Princess of the Midnight Ball by Jessica Day George

     This book was not even on my radar (i.e. it was not on my to-read list on goodreads). I stumbled across it when I was wandering through the bookstore (a favorite past-time of mine).  The gorgeous cover caught my eye and I just knew I had to read this book immediately.  I don't care what the old adage says, sometimes you can totally judge a book by its cover.
     Princess of the Midnight Ball is a retelling of the Grimm's story The Twelve Dancing Princesses (a.k.a The Shoes that were Danced to Pieces).  It's the story of Rose and her eleven sisters who are forced by an evil curse to dance every night in the kingdom Under Stone with the twelve not-quite-human princes.  Even when they are to ill to attend dinner they must still dance.  The king, like any loving father, was very concerned about his daughters continuous exhaustion and frustrated that not a single one of his daughters could/would tell him where they go every night.  Not to mention the fact that he could ill afford to replace their dancing shoes every morning.  So what does King Gregor do? He announces a contest of course!  Whoever can find out where the princesses go within three nights will be the future king of Westfalin.  Many princes had tried, failed, and met a tragic fate when Galen, a former soldier working in the king's garden, requested his chance to try to solve the mystery.  Galen had two secret weapons that the princes did not; an invisibility cloak given to him by a crazy old lady and the help of a strange old gardener who knows a thing or two about magic.  I don't want to spoil the ending so I will leave that there.

     How is the re-telling different from the original story you may ask?  Well, most glaringly, the Brothers Grimm never tell us how the princesses get sucked into this curse.  Jessica Day George does a wonderful job explaining why and how by creating the princesses' mother.  Queen Maude is the prime example of why you should think about the consequences of your actions.  George of course goes into much more detail about the characters than the Brothers Grimm, but what do you expect when you're comparing a novel to a three page story.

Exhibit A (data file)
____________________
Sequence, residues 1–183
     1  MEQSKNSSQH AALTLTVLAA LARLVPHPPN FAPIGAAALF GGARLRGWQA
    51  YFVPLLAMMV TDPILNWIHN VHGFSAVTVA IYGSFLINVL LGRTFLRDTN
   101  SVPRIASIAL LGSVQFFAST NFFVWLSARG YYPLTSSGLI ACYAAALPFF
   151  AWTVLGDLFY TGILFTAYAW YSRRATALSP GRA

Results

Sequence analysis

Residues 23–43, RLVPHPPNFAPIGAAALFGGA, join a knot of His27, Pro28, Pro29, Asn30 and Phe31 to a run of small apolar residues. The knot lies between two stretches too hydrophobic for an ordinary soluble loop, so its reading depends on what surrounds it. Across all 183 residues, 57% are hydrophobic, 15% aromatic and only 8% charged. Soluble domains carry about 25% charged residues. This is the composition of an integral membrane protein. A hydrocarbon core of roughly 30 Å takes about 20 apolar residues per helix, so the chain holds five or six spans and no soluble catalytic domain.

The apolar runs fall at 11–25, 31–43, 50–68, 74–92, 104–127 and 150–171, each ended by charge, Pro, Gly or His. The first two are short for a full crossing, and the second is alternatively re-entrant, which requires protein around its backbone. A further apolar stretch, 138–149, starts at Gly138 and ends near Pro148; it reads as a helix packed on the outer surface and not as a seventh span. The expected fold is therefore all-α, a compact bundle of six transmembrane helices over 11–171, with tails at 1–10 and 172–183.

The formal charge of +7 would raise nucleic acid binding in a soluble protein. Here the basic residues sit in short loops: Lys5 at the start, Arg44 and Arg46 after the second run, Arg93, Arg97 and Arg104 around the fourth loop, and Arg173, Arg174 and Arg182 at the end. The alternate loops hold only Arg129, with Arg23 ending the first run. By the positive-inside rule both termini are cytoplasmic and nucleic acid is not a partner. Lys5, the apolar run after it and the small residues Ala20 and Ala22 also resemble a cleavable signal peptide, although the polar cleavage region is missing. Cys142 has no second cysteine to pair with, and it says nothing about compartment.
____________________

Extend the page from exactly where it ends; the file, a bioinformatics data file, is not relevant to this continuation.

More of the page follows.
George draws several key elements out of the original making it quite obvious what story she is retelling.  The curse (obviously), the invisibility cloak (and the crazy old lady that gave it away), the contest, the soldier, the silver wood that leads to a lake are all courtesy of the original.
   Overall, it was an excellently done retelling.  If you love fairy tale or princesses I definitely recommend checking it out.  Reading level wise its unmistakably meant for young adults (probably eighth or ninth grade), but I must tell you that even as a twentysomething I couldn't put it down.

P.S. This is my first review so if you see something I need to work on please let me know.  I wasn't sure how much detail to go into because I really don't want to spoil the book for anyone.

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